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THE WEATHER. Unsettled to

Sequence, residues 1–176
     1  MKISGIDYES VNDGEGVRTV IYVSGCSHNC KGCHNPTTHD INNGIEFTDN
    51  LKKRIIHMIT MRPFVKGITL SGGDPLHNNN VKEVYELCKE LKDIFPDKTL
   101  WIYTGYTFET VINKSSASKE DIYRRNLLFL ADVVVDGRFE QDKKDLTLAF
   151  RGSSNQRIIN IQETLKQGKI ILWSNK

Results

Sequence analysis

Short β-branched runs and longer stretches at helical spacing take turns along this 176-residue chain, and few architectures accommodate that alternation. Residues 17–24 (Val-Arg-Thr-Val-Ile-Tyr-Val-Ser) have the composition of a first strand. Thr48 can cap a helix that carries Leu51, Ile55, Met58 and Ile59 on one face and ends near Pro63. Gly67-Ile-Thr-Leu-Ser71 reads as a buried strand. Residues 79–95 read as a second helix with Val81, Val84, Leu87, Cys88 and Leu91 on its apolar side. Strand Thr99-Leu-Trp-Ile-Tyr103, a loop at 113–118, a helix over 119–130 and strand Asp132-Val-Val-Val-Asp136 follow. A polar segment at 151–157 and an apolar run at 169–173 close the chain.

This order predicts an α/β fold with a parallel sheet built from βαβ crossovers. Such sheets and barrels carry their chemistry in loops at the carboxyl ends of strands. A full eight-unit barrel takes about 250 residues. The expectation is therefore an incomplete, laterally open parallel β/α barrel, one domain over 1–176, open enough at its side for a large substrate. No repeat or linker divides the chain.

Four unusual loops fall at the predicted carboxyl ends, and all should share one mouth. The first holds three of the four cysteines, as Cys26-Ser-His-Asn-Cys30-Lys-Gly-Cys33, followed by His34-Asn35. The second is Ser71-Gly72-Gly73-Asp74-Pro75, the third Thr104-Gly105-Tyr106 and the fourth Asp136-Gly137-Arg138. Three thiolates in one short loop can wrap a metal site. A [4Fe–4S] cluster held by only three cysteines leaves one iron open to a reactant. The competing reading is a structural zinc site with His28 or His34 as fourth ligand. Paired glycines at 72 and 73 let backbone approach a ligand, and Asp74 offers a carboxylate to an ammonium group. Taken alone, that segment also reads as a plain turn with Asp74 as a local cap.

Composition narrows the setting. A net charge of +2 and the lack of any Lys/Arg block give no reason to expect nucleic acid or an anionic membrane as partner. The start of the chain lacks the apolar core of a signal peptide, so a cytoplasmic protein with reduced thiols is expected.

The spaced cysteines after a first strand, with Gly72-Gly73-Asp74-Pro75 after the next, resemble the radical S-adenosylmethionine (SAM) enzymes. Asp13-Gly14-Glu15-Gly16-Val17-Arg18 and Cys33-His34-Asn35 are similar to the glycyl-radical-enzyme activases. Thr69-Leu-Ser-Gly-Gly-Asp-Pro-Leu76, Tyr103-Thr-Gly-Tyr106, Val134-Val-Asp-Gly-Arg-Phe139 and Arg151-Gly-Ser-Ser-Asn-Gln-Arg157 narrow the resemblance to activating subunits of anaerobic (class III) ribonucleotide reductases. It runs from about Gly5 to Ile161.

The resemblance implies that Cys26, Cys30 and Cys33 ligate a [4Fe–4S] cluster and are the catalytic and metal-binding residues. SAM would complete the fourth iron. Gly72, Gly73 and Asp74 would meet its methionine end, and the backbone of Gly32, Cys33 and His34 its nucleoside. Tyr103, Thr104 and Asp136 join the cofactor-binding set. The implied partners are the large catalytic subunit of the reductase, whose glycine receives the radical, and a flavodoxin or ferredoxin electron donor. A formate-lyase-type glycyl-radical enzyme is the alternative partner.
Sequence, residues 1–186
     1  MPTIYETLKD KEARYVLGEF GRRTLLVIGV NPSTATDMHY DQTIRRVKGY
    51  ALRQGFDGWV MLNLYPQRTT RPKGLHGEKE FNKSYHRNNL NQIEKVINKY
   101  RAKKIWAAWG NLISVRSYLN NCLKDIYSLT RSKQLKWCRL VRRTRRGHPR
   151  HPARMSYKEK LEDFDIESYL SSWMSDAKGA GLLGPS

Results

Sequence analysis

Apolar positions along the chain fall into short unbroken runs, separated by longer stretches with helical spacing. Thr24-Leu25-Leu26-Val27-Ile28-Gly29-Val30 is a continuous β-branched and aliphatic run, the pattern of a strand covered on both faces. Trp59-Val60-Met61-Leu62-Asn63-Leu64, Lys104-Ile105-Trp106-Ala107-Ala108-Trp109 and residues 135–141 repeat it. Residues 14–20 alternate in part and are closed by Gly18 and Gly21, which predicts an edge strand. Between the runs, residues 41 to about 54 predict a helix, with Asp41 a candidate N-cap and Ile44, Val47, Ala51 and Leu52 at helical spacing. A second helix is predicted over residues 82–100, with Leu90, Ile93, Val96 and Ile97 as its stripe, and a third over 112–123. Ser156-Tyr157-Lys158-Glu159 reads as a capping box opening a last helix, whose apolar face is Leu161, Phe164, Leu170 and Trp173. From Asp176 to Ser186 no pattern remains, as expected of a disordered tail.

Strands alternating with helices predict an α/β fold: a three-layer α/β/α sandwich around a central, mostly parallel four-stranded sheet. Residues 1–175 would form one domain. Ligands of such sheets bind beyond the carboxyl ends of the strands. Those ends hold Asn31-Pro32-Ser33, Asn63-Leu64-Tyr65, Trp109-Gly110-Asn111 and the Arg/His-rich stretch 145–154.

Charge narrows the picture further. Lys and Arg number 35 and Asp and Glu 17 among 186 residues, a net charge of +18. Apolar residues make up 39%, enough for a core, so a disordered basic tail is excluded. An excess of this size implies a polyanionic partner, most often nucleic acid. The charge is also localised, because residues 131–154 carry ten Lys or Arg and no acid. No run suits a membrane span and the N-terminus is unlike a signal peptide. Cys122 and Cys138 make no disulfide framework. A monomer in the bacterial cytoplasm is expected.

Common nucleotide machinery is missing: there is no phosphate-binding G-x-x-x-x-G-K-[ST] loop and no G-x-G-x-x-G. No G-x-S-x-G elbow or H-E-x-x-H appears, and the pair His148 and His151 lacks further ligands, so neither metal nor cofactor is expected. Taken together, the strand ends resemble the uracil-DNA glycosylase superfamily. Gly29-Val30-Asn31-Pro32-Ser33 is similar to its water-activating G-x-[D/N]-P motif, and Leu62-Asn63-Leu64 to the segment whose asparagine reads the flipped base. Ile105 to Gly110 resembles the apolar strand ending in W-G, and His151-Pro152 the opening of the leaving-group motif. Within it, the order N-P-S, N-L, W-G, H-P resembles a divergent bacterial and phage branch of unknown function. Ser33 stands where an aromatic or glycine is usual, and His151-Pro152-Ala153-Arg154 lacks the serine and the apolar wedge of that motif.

night and Sunday. Probably showers. VOL. XXIII. CALUMET, MICHIGAN, SATURDAY AFTERNOON, OCTOBER 3, 1914. GERMANS AND RUSSIANS AT DEATH GRIPS Pelrograd andParisClaimCzar's Soldiers HaveMade Progress on Polish Frontier KAISER MAKES PLANS Is Said to Have Decided on Four Fold Offensive Movement Against Invaders Lnndon, Oft. 3. IVtw-prart mntln iifM to flaitu HUffOHsos on tho fnmticr of I'ul.'iiul, Itut (mm (i;ilifla, whiMi- tlu HiisNinna ami fomltimd lierimiu uml Au!-ttl:in (uriCH uro at death yths lo finr (.'ra'ow, has i-ume nothing t ln (liiaif wliifh tilde Iuih takfti llr.t hn nis in tlm iirclinilnary sklrmishiH. A (.inliai!en tlispatt-h ays Knuu-r-or William was rcrontly at liroslau. wliiif lit' decided on a (niir-fuld iIT ii sie movement itKulnst Kovnu, War haw. Ludz and Galifl.i. When thin is under way ho expected to return to the western theater of the war. A dispatch, purporting to emanate fiom Vienna. sa8 that city is piepar lhK for a hlege. There Is talk of re moving the neat of the government. Russians Cross German Frontier. A new army of Kmperor Nifholas is on the march, and according to the 1'etroKi'ad Keneral t-taff, tlie ItussianM have once more crossed the (terman frontier at Szczuczy und Grajowo, Uuh sian Poland. Tills Is awkward for the Germans, who are Fald to he retreat iiij; from the Suwalki district. Germans Are Thrown Back. Tails. Oct. 3. (Olllcial). "A mtnuU German army of four corps has taken positions Let ween the frontier of Rist J'russlu and the Itlver Nieman. Its left wing has been thrown hack upon Mariampol unjl Suwalki. At the ren ter the city of AiiKustowo has been taken by the Russians. On the Ger man right tho struggle continues around Ossovotz. "In Gallcla the rear nuard of Aus trians has retreated as far us the riser Vistula. "In Posnlu Sorb and Montemtin minimis are advancing on Sarajevo." The German plan of an invasion of UtisHa from Kaet I'russia has failed, ii i i i ilitivf to Russian oniclal reports, which declare the Germans not us far as the western bank of the NIemen river but there found very strum; Russian forces in the hills on the eastern Iwmk. I'-eiiiK In low und marshy Krounds, the Germans, uccordlhtf to the Russian viewpoint, were at a disadvantage and could not advance. A fluht is now in progress nt Mlr lainpol, near the northeastern Prus sian frontier, while arther south in the Suwalki district the Ru ssians laim to have turned the German rt tieat into disorderly tliKht. Quitting Russian Territory. London, Oct. 3. The I'etroKrad cor respondent 'f t tio- MorniiiK Uispatfh has sent the following dispatch: "Experts here confess themselves un able to conceive what objects Germany somrht by the incursion into Russian territory up to the line of the Niemen river. "The invaders something like n do.cn army corps are now doinjr their best to get out of Russia under a steady downpour of rain which hourly is widening the already extensive mo rass and washing- Into bottomless muck what passes for loads in this part of Russia. "Tho German infantry Is suffering terribly under weather and road con ditions while the artillery probably will remain In Russian territory and be fished out when winter frosts mako the roads passable apaln. "The Cjerman emjeror'8 lightning stroke nlmed at Russia has failed. Ger many has left another 20,000 lirst line troops, dead on the Held, while the re treating troops nre caught in a position which suits the Cossacks. Russians Attacking Przemysl. London, Oct. 3. Router's Rome cor respondent says news recolrrd In the Italian capital from Russian head tunrters Is tothe effect that Prremysl. Galiola, has been attacked by the Rus sians on all sides. Two of the forts, it Is stated, already have been taken and the Russians have been able to silence several Austrian batteries. 1 Fighting at Augustowo. More heavy fighting is taking place t Augustowo, HO miles northeast of Warsaw in the province of Huwalkl, where the Germans have received re inforcements and been able to take the offensive. At Grajewo. 2T miles southeast of Augustowo, the Russians have ad vanced Into German territory and at Mlawa they claim a victory over the Oermnns. i j-sii I ft Wrap ARTILLERY IS DOING SV30ST OF FIGHTING NOW Infantry Counts for Little in Pro tracted Operations Loudon, Oft. 3. Dilating on the splendid accuracy of the artillery lire und the extent to which the artilb ry has been used in the present war, the 1 aily Mall correspondent of France says: "The infantry has counted for little in these protracted opctatlons. on the allies' left wing the men say that the.v have nothing to do and several have complained of spending eight days in the trendies without see.rg a German, lioth armies are tired. "There was an appalling incident. Three days ago 500 Germans were caught in some Hat lielil.s w ith slopi s on every side. The French artillery took up positions secretly and when tho moment "came to open lire the ollicer in command said, "Make me a cemetery there. Ills older was obeyed the guns accounting for the greater part of the 5to and title lire for th 1 lest. Those who were there say that not a single German escaped. "It is no wonder that the Germans have nicknamed the big French guns in the Held artillery the 'black butch ers.' Their effect Is terrible. The shells they throw explode only 10 f.et above the ground and spread their missiles over an area measuring lou ards by 30 yards. The shock of their explosion alone often kills at once ;i whole low of entrenched men." FEDERAL CLUB SAID TO BE AFTER M'GRAW, BUT HE WON'T QUIT GIANTS. t'hicago, Oct. 3. A story has been printed here th it Manager McGraw of the Giants has been otlVrcd the leader ship of the federal dub to bo placed In New York. It also is said that the Krookln Federals have signed Walter Johnson, Ray Collins, Lobert, looin und Sherwood Magee. McGraw Will Not Accept. New York. Oct. 3. McGraw said he would not manage a Federal club at any price. WILL TAX AUTO SALES. Washington, Oct. 3. Reduction In the proposed tax on gasoline In the war revenue bill from 2 cents to 1 cent a gallon and the Imposition of a tax of 50 cents per horsepower on au tomobiles sales w'ere agreed by Demo crats of the Senate finance committee. They plan to complete tho revision of the House bill by tonight. NO WRITERS. PAINTERS OR PHOTOGRAPHERS WITH THE GERMAN TROOPS AT FRONT London, Oct. 3. A Copenhagen dis patch sna no correspondent, painter or photographer will be allowed In fu ture at the German fronts. i WAITING FOR THE STORM TO BLOW AMERICAN FIRM SAID TO HAVE AIDED GERMANS. New York, Oct. 3. It was the firm of Wessels. Kule nkainpff fc Co., of New Yolk, that shipped 3,:!v7 tons of coal out of New York on the Ameri can t earner Lorenzo, which was sur prised and captured by a Jlrittsh cruiser, while coaling the German cruiser Karlsruhe in the West Indies, It was said by otlicials at the custom house here. The same concern, it, was added, also shipped J,":i7 tons of coal on the F.eiwind, which at rived at Rio Ja neiro on Sept. IS, two weeks overdue. FOUR .HI LEO AHO MANY HURT IN AN EXPLOSION Jersey City, Oct. 3. Four men were killed i'lid many Injured In an explo sion of a powder maga.lne in the lire works fa i tory of Detw iller Sr Street on the outskirts of the city. Windows ware broken a mile away. The plant consisted of a doen small buildings. Twenty-one persons were taken to hospitals and some are believed to be mortally injured. John Andrews, su perintendent of the plant, was arrested. NEW AMBASSADOR FROM ITALY COMES TO THE U. S. Count Ccllcrc, Distinguished Diplomat, Arrives in Washington. Washington, D. C, Oct. 3. The cir cle ef foreign diplomats in Washington has Just received a new and interesting addition in the person of Count Mac chl ill Cellele, who has arrived here to take up his duties as Italian ambassa dor to the I'nited States. The new ambassador conies from a very old Roman family, which has given many cardinals to the church. He Is a great favorite at eouit, where Countess Celleiv Is among the ladies seen at all functions. About'a year ago Count Cellere was asked to accept a candidacy for parlia ment, which he declined upon being appointed to the Washington pos. He Is a knight of the order of the Crown of Italy, and is a knight commander of the St. Mauri.io and St. Lazzaro. one of the most distinguished and oldest orders of Humpo, founded in the six teenth century by the house of Savoy. Count Cellere is a man of brilliant diplomat If achievements, and more than once he has been spoken of in Rome as a future minister of foreign uffalrs. His home in the Italian capi tal Is one of Uie most beautiful resi dences In that city. The family's old palate, however, Is In Plasza Cr.pra mica, and Is familiar to Americans, as it (onstltutcs of the best specimens of the early renaissance. SON OF THE BARONESS AMHERST IS WAR VICTIM. Loralon. Oft. 3. Captain. The Hon. William Amherst Cecil of the Grena dier guards, son nnd heir of Itaroness Amherst of Hackney, has been killed In action. His name Is the only one ap pearing in the list of casualties Issued tonight unVr the heading of killed. Otherwise the report records one olli cer died of wounds and other officers previously reported as missing, are now known t be prisoners of war. OVER cv 3,000 PRUSSIAN GUARDS LOST IN BRAVUTTACK Repeatedly Assail French in Futile Effort to Cut Railway London, ict. 3. "The details are Just available of the heroic engage ment of the Prussian Guards ut Suip pes a fortnight ago," says the Palis correspondent of the Daily Mail. "It urosf out of the attempt of the Ger mans to cut the railway connecting Rheims and Verdun. Five times the devoted region nt threw itself desper ately against the lines of French av uby. After the fifth charge only a hundred linn were left, and they re lunctantly surrendered. Nearly all of the hundred were wounded. In tin. course of this engagement the guards lost 3, uiii) nun. it is stated." Officers Fell Around Prince. Ix'iidon. Oct. 3. A Copenhagen dis patch says thai a Berlin correspondent, who witnessed the battle at Vcraun on Septonber 24, when Prince Oskar Ud the Imperial Guard, wrote: "Though the Germans fought like lions, the Tuicos climbed trees like monkcs, holing in the leaves. The Germans and Turcos fought and wrestled in terriblo hand-to-hand struggles. M.iny German otllccrs fell around the prince, who thereafter had a lion it nttaik. "Later at the hotel in Mctz, the prince was greeted by the emperor, who, with aim extended, cried: 'Roy, i boy, bote you are.' " FRANCIS JOSEPH VISITS WOUNDED IN HOSPITALS. Rome. Oct. A story has reached Rome from Vienna, describing visit paid by Kmpi for Francis Joseph to a IK-il hospital, In the course of which his majesty insisted on speaking to everybody I i the institution. The empe,o,'s doctors are now urg Inu him to spare himself and not to visit the hospitals tilled with wound ed, as they fear the effect of emotion on a man of 'teh advanced years. In an Inspection of one Red Cross hos pital the emperor u Mressed each wounded man In his mother tongue German, Polish, Slav, Hungarian. Bo hemian or Italian as the case might be. GERMANS ARE HELD IN WINNIPEG FORT. Winnipeg. Man.. Vt. 3. F.leven additional German prisoners were landed nt Fort Osborn barracks and are now under close guard by a squadron of the Thirty-fourth Fort Garry horse. This makes 27 German prisoners now in the hands of the Winnipeg garrison. No chances were taken in handling of prisoners who were picked up In the west by mount ed police for various reasons. Guard of live mounted police officers, in charge of an Inspector, m companies prisoners to Winnipeg. IJnked to gether In couples by heavy handcuffs, the men were loaded Into police pa trols. . i PREPARE FOR BIG ASSAULT ON TSING TAU Japanese, Under Ccnstant Bom bardment, Continue Their Ex tensive Preparations RETURN GERMAN FIRE Kaiser's Concession Said to Be on Fire at Several Points; Food Getting Scarce Tokio, Oct. 3. It is officiary stated that another Japanese mine sweeper at Kiau Chan has struck a .mine und siink. Four were killed and nine wounded. The German forts and ships are constantly shelling the Japanese army, which is slowly preparing for a big assault on Tsing Tau. Ronibarded by the land batteries of the Pritish-Japanese expedition and the gleat war fleet steaming slowly backward and forward In front of the harbor entrance, the German conces sion at Kiau Chau is reported on tire at several points. There has been no letup in the shell ing of the position by nlht and day. Although up to the present there has been no attempt made to carry the main positions by storm, owing to the constant fire of the German cruisers interned in the harbor, t lie losses to the land forces are large. German Fire Deadly. The fire from the squadron and from the German land forts is extremely deadlx. German aviators are teported as ha v ine; done good service to their causo by their Mights ovtr tho Japanese- Rritish positions in which they have located the main lines of the be siegers for the benefit of the German gunners. The Japanese Meet aviators, however, have rivaled their enemies and have dropped bombs at many points. Bomb Demolishes Magazine. One of the smaller magazines was demolished by a bomb dropped by a Japanese aviator. . Copies of a message of greeting sent by the emperor to the commander of the British forces, General Bernardis ten, were made public here. In his mes sage the emperor said: "Japan to her allies, greetings. With your valor the defeat of the common enemy is assured." Fall Believed Imminent. It is believed here that the fall of the German position camiot long bo delayed. It Is known that the Ameri can consul, who refused to leave the ity when the other non-combatants soUKht safety, has been trying to in tluence the German governor to sur render on the grounds of humanity. The governor, however, takes the po sition that he was instructed by his emperor to hold out to the lust and he says that he will do so. Food Supply Running Short. As tires have been started tit many points Inside of the fortifications and the food supply Is already tunning very short, it Is believed here that he w ill nevertheless eventually change his mind. Before that, however. It Is ex pected here that the German armored cruisers lu the harbor will essay a oash for safety. In anticipation of this a special Japanese squadron made up of high speed battle, cruisers and armor ed cruisers is In waiting. Japan's Fleet Ready to Act. These vessels have steam up. their magazines and bunkers tilled and are taking no part in the bombardment of the German positions. Their definite task Is to capture or destroy the Cur man squadron, and Ihey will be in readiness when the enemy attempts to run the blockade. ALL URGENT WATERWAYS IMPROVEMENTS ARE TO BE GIVEN ATTENTION AT ONCE Washington. Oct. 3. The war de partment has Instructed its engineers to proceed with all urgent waterways Improvements In their districts, under the provisions of the new rivers and harbors bill. The list of projects se lected has not been made public, but today's instructions went to the army engineer nt Rock Island, Ills. ANOTHER ITALIAN SHIP IS SUNK BY A MINE. Venice, via Paris. Oct. 3. It s re ported that another Italian boat struck a mine near Trieste and sunk. Its crew of fifty was lost. TURK AMBASSADOR SAILS. Washington, Oct. 3 The Turkish ambassador, w hose re ent public ut terances caused President Wilson to ask for an explanation, started for Turkey today. v : : ENGLISH PEOPLE NOW BELIEVE WAR WILL BE LONG AND TERRIBLE, v London, Oct. 3. Though the German right is less than fifty miles from th Belgian fron- ! tier, never since the outbreak v of the war, apparently have the people of Great Britain v been more reconciled to the idea that the struggle will be v v long and terrible. Many ob I servers emphasize that even ! ! should the present battle b terminated the Germans would only fall back on equally v strong entrenchments. KAISER'S FIFTH SON LEADS HIS MENTO VICTORY Heads Regiment in Desperate, Bloody Battle at Verdun Berlin, via London, Oct. 3. Today's casualt.v list contains '.Uluo names, and includes mention of the wounding of Prince Joacbirn, youm-'cst ,,f the emperor, at Schaetzels, east Prussia. The Associate.) Press learns that Prince skar, liith son of the emperor, on September :i l... his regiment at Verdun in a rno.-t desperate battle. The French, including Turco hurpshoutcrs in trees, picked off so many German odicers that the lompanlcs were led by sergeants during the hottest part of the fi-hting. Prince Oskar headed the column, and shouting at the top of his voice, led the charge which fin ally was successful. He was so excited that he rollapsid .tfter Die victory with an acute heart cramp. The physicians ordered him to Metz. Major General Von Ikr Horse was killed while bailing hi troops on Sep tember 2S. He had previously receiv ed the Iron Cross. SAYS AISNE BATTLEFIELD IS ONE BIG HEARTACHE. Correspondent Finds Dead in Standing and Sitting Postures in Trenches. London. Oct. 3. The Westminster Gazette publishes a letter from a cor respondent who obtained special per mission to visit the Aisne battlefields. The letter does not deal with the mili tary opt rations. The writer sas: "The whole district northeast of Par 's is .me big heartache. Imagine driv ing i!i an automobile throuyh the love ly roads of France, with the harvests ripe and trees laden heavily with fruit and everywhere in the fields, on the roadside, on hill and in valley, sitting and lying, are not harvesters, nor holi day makers, not happy Idlers, but dead men, Miff and stark, covering the fair lields. "Men in uniform lay or sat or stood as the.v were shot or had fallen from mortal wounds. Fntil I saw with my own eyes dead tmn standing of lean ing stiff auainst their follows in the trenches and actually against the earth of'the trenches Itself, I had not believ ed the stories that had i cached Paris of the fact." RED CROSS NEEDS MORE MONEY FOR WAR RELIEF. Total Contributions for Aid of Wounded $332,000. Washington, Oct. 3. In appealing today for contributions to deftay the cost of rendering aid to the wounded of the armies of IJtiropo now at war, the American Red Cross issued a staenient showing that in such work it already has spent or obligated it self for I2S3.043. This includes the o(.ijt of transporting and keeping In Die field 172 surgeons and nurses and the cost of sending Hospital and sur gical supplies for equal distribution among the belligerents. font rPuit Ions up to Sept. 2f totaled $332,000 and it is stated that more lib eral donations are desired. Business Mrn Assist. Chicago, Oct. 3. Forty (lf Chicago's wealthiest business men at a meeting today formulate. 1 plans for the collec tion of 1100. (ion for Red Cross work in the Luropean war zine. IS KING OF RUMANIA FEIGNING ILLNESS TO KEEP OUT OF WAR? London, Oct. 3. A Rome dispatch says that the North German Gazette admits the appearance of i holera In Germany as well as in Austria. A Sotla dispatch, via Rome. sas the condition of King Charles of Rumania has suddenly become worse. The doc tors declare he must have quiet. The well Informed, however, f.elleve his ill ness Is a political step tc end the no tation to have Rum-nla Join forces against Germany. U. S. TROOPS TO REMAIN IN VERA CRUZ 'TILL OCT. 11. Washington, Ovt. 3. Definite post ponement of evacuation of Vera Cruz until Oct. 11 at the earliest was an nounced today by the war department. There Is believed little likelihood that the troops will leave then, on account of the disturbed conditions in tho In terior of Mexico. NUMBER 206 NO DECISIVE ADVANCE ON EITHER SIDE Reports Issued by the Rival Army Headquarters Differ Wide ly in Claims VAN KLUCK IS STRONG French AdmitGommanderof Ger man Right Wing Has Pow erful Forces The French and German reports aurcc that the lighting on the western end of the battle line in northern France continues without n, decisive advance on cither side. Reports from the eastern theater of war continue conflicting. The most de pendable reports indicate that a really great battle is being fought at Cracow, where an unnumbered Russian force is attacking the united Germans and Austrian in immense tdrength. According to Rome advices a cabi net crisis is approaching, due to dif ferences as to the attitude of Italy. fVilliain I fardel, American consul at Rhelrns, accompanied by his family, left there today for Troycs. There ure no more Americans in Rheims. There is nothing new from Ant werp. The latest Belgian official re ports said tlie city was resisting suc cessfully the bombardment of the Ger man artillery. The Chinese government has again protested against the Japanese occu pation of tho railway station at Wel-IIsitn. London, Oct. 3. Tlie publicity de partment of tlie German and Austrian army headquarters have furnished ac counts of the results of current bat tles differing so radically from the camps of tiieir opponents as to render the widely divergent statements irre concilable. In re-uaid to the battle of the Aisne there is only one point in which the German and French reports agree and that is that General Von Kluck is still Koing northward, though at a snail's pate-, and that he is so powerful that Ge neral Joftre is obliged to admit that the German commander has been aide to make- a French detachment, de bouehini: from Anas, fall back. The first Austrian staff report with any details gives Hat denial to the Servians' vivid stories of victory, but the Serbs are- equally emphatic in giv ing the- lie the the Austrian claim. German Official Statement. Ber'.in, via Amsterdam and London, o. t. ". official statement of the eve n ing of October J). "The right wing In France has re pulsed renewed efforts of the French to outflank it. South of Rove the French have been dislodged from their posit ions. "The situation on the center of tho battle front is lira -hunted. "The Germans are advancing in the Argonne district and have won sub stantial advances in a southerly cu red ion. "Fast of the River Mouse the French from Toul undertook night attacks and were repulsed. "Before Antwerp Fort Wavre-St. Catherine's and the redout P.orpc-velt. with intei mediate works, were as saulted yesterday afternoon. Fort Wae Iheni has been invested. An im portant outer fortification at Ternion dc is in our possession. "In the east an advance of the Rus sians across the Nii-men River avainM the Germans, in the province of Su walki, seems Imminent." French Official Statement. Paris, o. t. ?,, (oMici.il) "On o3r left wing violent action, progressing since vestcidav. continues, partieular Iv in the region ef Roye, where we have ft pulsed ;ell attac ks, although up on this part of the front the enemy has been reinforced. "In the Argonr.e ret ion the army of the e row n prim e attempted to slip through the woods of Grurie, but has be-en driven back toward the north." Re-inforcements Save Germans. New York, Oct. 3. Dow, Jones & Co. put the fellow ins on the news tick ers: "Bordeaux, Oct. 3. Minister of War Milhrand declared that only the steady arrival of heavy re-inforcements averted disaster fo r the army ef Gen eral Von Klue k and the entire right wing of the German army. He said that early in the week the forces of Von Klu. k wire In desperate straits "General fighting continues about Rove, tlie minister added. The Ger mans are attacking fiercely In an ef fort to capture positions which they Continued en 2nd Page, 1st Column.